1. Offsets Fossil Fuel Use

Reuse of treated wood highway guard rail posts for energy recovery will offset the use of fossil fuel energy and thereby reduce greenhouse gas levels in the atmosphere.

Bottom Line

CCA-treated wood is a critical part of our nation’s infrastructure and economy.  It is safe for the environment and has a long history of EPA approval for both the environment and human exposure.  The alternatives (steel and concrete) are not renewable and require more energy to produce than CCA-treated wood.    Last but not least, CCA-treated wood is more cost effective than the alternatives.   CCA-treated wood is good for the environment and the economy!

Benefits of Wood Utility Poles

Photo courtesy - Dr. Todd Shupe

Our society has become much more environmentally sensitive and responsible in recent years.  Recycling has increased, air and water standards are improved, smoking tobacco is generally prohibited inside most public buildings, etc.  However, a phobia exists regarding wooden poles.  There is nothing particularly aesthetically appealing about a creosote-treated pole that is leaching creosote out onto the adjacent sidewalk as I witnessed today.  However, wooden poles are good for the environment and much better than the alternatives.

Wooden poles are visible along almost every city street and rural highway.  They are essential components of our national infrastructure.  They are impregnated with chemicals that must be toxic to stop degradation from insects and fungi.  Yes, some of these preservatives will leach out into the adjacent soil.  However, wood utility poles are much kinder to our planet than other materials. Independent, science-based life cycle assessments, or LCAs, confirm that preserved wood utility poles use less energy and resources, offset fossil fuel use and have a reduced environmental impact when compared to concrete, steel and fiber-reinforced composite utility poles.

Wood poles are made from a plentiful and renewable resource grown on managed timberlands. Growing trees produces oxygen and when converted into a product, wood stores carbon. Wood poles also help limit the accumulation of greenhouse gases.  Due to the insulating properties of wood, eagles, ospreys and other large birds are able to perch on wood crossarms without danger of electrocution.

Dr. Kenneth Brooks dedicated much of his career to studying the environmental impacts of preservative-treated wood poles.   Some of the key findings of his research are:  (1)  pressure treated wood utility poles pose no greater risk to the environment than growing the wheat used to bake your next loaf of bread, and present far less personal risk than driving to your local grocery store to purchase that bread.  (2) there are environmental risks associated with everything we do and with all of the material used to construct utility structures. For instance, the leaching of zinc from steel utility poles has been documented.  (3)  Utility poles are not continually immersed in water and the actual lifetime losses are likely far lower — perhaps the equivalent of a penny of copper per year for each 20 poles. “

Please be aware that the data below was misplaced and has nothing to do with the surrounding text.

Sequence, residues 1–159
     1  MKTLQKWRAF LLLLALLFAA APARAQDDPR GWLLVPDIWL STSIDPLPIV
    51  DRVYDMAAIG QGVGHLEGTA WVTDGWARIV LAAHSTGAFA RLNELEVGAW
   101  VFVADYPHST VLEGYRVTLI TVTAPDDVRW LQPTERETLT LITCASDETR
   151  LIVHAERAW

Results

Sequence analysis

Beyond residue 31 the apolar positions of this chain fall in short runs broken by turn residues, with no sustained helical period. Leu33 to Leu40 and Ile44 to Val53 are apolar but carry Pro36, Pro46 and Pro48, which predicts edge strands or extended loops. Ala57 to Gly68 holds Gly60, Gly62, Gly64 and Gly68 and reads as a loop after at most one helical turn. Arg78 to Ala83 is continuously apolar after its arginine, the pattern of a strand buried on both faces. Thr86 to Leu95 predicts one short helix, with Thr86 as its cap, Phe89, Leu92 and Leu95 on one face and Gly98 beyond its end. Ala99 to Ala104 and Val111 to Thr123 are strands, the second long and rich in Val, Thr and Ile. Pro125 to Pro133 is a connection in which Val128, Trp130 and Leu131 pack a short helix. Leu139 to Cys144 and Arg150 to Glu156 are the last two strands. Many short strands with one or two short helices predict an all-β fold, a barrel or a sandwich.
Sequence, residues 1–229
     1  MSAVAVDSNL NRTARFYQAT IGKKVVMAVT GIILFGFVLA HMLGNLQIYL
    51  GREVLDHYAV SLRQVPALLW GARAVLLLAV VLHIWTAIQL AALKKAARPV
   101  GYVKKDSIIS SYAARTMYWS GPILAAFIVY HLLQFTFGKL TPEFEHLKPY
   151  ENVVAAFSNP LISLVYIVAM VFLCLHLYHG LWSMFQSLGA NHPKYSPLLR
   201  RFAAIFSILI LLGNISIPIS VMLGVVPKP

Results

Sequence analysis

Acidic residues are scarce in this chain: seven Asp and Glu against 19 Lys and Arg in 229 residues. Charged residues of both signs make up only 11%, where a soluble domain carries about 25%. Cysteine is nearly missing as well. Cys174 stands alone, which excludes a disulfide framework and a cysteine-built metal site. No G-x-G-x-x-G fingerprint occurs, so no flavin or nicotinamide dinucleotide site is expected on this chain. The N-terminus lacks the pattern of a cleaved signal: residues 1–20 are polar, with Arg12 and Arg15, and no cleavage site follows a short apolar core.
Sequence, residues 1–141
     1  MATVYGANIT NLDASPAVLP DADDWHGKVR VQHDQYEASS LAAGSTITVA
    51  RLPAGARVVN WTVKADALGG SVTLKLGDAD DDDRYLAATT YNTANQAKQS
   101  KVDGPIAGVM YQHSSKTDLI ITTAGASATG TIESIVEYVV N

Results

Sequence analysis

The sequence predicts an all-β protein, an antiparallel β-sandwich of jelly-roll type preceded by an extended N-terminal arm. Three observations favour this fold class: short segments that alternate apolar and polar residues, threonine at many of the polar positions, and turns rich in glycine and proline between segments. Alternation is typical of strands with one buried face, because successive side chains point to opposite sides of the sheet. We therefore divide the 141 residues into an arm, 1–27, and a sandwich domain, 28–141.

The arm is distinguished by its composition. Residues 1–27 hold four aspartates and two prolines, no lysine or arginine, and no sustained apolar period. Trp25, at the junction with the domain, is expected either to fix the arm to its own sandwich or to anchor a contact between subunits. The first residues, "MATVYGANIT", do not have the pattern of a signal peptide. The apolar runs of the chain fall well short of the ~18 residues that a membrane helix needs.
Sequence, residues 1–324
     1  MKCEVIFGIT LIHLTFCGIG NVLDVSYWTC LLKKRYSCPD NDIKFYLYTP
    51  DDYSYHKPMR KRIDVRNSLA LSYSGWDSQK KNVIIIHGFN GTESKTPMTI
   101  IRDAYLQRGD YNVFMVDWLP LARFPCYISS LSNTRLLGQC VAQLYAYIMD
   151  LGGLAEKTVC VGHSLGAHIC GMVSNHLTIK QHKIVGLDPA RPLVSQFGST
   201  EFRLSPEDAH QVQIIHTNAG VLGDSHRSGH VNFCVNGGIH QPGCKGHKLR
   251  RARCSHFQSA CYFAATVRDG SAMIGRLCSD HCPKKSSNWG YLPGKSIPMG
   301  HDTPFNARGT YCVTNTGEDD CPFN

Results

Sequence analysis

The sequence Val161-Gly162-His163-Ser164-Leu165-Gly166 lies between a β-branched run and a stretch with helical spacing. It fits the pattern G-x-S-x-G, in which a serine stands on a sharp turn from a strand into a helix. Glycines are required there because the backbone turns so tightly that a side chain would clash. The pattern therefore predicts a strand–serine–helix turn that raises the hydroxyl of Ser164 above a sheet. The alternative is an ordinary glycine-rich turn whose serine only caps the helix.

Naturally Durable Wood Species

Many people have the mistaken belief that naturally durable wood species will not rot.   There are a handful of domestic wood species that are classified as naturally durable.   Some of the more common in the US South are sassafras, live oak, Eastern red cedar, catalpa and black locust.   In the West, redwood and Western red cedar offer natural decay resistance, particularly with heartwood lumber.  The heartwood is the darker wood in the center of most trees.  It is higher in chemical compounds that are responsible for decay resistance.  Some species have a heartwood that easily visually detectable and others do not.  

I purchased a swing set made of redwood about 15 years ago.  Over the years, I have replaced many of the parts of the swing set with pressure-treated southern pine.  My replacement pieces continue to perform fine.  However, each year more pieces of the redwood continue to fail due to wood degrading fungi.  Naturally durable wood species are NOT resistant to wood degrading insects and fungi.  They will provide better protection than untreated wood.  The US South has a very harsh environment for exterior wood in ground contact.  Untreated pine field stakes can show failure in as soon as 1 to 2 years.  My redwood deck began showing failure in 5 years for the pieces in ground contact and 7-8 for those above ground. 

There is no substitute for pressure treated wood for exterior applications.  This material is economical, safe, easy to work with and it will perform in excess of 50 years with minimal maintenance.  In the US South there are numerous utility poles that are well in excess of 50 to 80 years of age that are showing no signs of degradation.   For more information on naturally durable wood species please visit https://www.fs.usda.gov/treesearch/pubs/35536

This piece has suffered from internal wood degrading fungi due to its horizontal position in the swingset which allowed water to pool on the surface and elevate the moisture content to make it conducive for fungi attack.
This is a good example of surface weathering. The natural elements have degraded the surface of the board.